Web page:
Spearfishing- It is ecologically sustainable?

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Spearfishing- It is ecologically sustainable?

Post  Bear on Mon Oct 25, 2010 12:33 pm

I was sent this research article the other day that was an interesting read:
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Re: Spearfishing- It is ecologically sustainable?

Post  Bear on Mon Oct 25, 2010 12:34 pm

Abstract
Spearfishing or underwater fishing is an activity that generates emotion and debate. Is it the most ecologically sustainable
method of catching a fish or is it an activity of environmental vandalism and needless slaughter? Proponents argue that
spearfishing is ecologically sustainable because a diver is restricted to shallow water, a diver is very selective and can target the
size and species of his\her capture without the negative impacts of other fishing methods such as bycatch, bait, loss of gear and
damage to habitat.
Scientific research supports the view that spearfishers catch a very small proportion of fish – less than 1% compared to
recreational and commercial fishers and that fishery indicators such as catch per unit effort (CPUE) and average weight have
remained stable over time. I present data from several surveys of spearfishing (mostly competitions) in South Australia, New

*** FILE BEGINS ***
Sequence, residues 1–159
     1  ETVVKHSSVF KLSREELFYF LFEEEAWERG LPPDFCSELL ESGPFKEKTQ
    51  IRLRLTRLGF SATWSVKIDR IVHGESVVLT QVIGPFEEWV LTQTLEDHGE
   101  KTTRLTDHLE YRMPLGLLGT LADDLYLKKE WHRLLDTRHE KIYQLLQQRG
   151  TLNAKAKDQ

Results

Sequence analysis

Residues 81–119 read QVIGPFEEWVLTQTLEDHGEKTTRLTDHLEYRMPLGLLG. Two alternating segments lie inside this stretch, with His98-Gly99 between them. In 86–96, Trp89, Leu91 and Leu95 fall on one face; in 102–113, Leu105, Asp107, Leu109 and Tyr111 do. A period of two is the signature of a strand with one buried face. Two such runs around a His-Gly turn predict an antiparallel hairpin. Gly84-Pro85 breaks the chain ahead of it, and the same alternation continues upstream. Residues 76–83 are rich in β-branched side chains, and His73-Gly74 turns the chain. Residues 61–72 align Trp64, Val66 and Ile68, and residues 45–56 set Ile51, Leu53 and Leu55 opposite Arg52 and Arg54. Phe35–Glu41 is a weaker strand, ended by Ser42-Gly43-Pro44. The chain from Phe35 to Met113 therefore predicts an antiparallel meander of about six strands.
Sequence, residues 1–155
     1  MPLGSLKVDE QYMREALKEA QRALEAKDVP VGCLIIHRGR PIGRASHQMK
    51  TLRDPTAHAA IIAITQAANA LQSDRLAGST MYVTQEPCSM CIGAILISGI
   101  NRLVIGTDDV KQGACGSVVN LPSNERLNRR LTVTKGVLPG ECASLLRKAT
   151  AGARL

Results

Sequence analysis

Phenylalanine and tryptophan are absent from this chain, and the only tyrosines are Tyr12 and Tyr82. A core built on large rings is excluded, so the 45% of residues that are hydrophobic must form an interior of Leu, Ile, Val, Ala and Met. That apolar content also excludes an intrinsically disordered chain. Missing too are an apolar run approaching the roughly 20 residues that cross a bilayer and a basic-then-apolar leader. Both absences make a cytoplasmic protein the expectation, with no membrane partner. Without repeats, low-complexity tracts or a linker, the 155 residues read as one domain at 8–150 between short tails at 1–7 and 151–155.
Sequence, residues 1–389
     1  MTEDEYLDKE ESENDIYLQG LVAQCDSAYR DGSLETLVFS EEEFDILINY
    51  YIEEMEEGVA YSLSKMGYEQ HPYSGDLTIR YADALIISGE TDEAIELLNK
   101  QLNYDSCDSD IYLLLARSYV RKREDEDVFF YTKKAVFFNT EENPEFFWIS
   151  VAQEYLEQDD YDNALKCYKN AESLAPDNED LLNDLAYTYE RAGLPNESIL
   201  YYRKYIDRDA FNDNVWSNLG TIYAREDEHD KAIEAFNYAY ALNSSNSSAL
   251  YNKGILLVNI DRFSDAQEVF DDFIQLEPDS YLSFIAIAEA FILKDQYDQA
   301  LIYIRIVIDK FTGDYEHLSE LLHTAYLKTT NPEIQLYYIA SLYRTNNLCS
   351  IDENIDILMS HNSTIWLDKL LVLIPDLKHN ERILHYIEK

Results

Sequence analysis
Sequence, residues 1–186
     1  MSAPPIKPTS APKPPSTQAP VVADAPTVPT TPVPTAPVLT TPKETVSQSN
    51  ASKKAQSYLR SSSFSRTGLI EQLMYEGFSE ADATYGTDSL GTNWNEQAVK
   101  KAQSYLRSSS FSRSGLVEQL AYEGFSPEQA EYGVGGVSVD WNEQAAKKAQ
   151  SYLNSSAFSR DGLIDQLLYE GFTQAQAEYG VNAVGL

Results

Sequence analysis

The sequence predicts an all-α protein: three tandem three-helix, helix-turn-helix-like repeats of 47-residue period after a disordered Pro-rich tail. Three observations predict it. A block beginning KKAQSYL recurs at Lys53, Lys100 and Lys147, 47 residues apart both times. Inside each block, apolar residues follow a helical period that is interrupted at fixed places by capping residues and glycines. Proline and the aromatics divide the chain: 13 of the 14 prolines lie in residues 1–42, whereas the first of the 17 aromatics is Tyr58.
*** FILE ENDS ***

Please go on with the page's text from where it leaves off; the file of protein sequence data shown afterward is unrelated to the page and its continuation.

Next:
South Wales and Queensland which support these statements. Opponents argue that spearfishers have been partly responsible
for the decline of some species such as grey nurse sharks and also scare fish, which are important for scuba diver tourism.
This presentation overviews methods, catches and management of spearfishing throughout Australia. There have been major
changes in the past 50 years, such as the banning of SCUBA spearfishing, formation of the Australian Underwater Federation
(AUF) to self-regulate the sport, protection of large ‘icon’ species such as groupers and wrasses, increasing amount of marine
parks, and blue-water hunting for pelagic species. It is anticipated that there will be pressures for further restrictions on
spearfishing and these will be supported if there are valid environmental reasons, but will be opposed if they are biased and
unjustified.
It is concluded that the future management of spearfishing by voluntary organisations such as the AUF and statutory fisheries
departments appears to be based on sound principles of sustainability.
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Re: Spearfishing- It is ecologically sustainable?

Post  Bear on Mon Oct 25, 2010 12:35 pm

Introduction
Spearfishing or underwater fishing is an activity that
generates emotion and debate. Is it the most ecologically
sustainable method of catching a fish or environmental
vandalism and needless slaughter? Proponents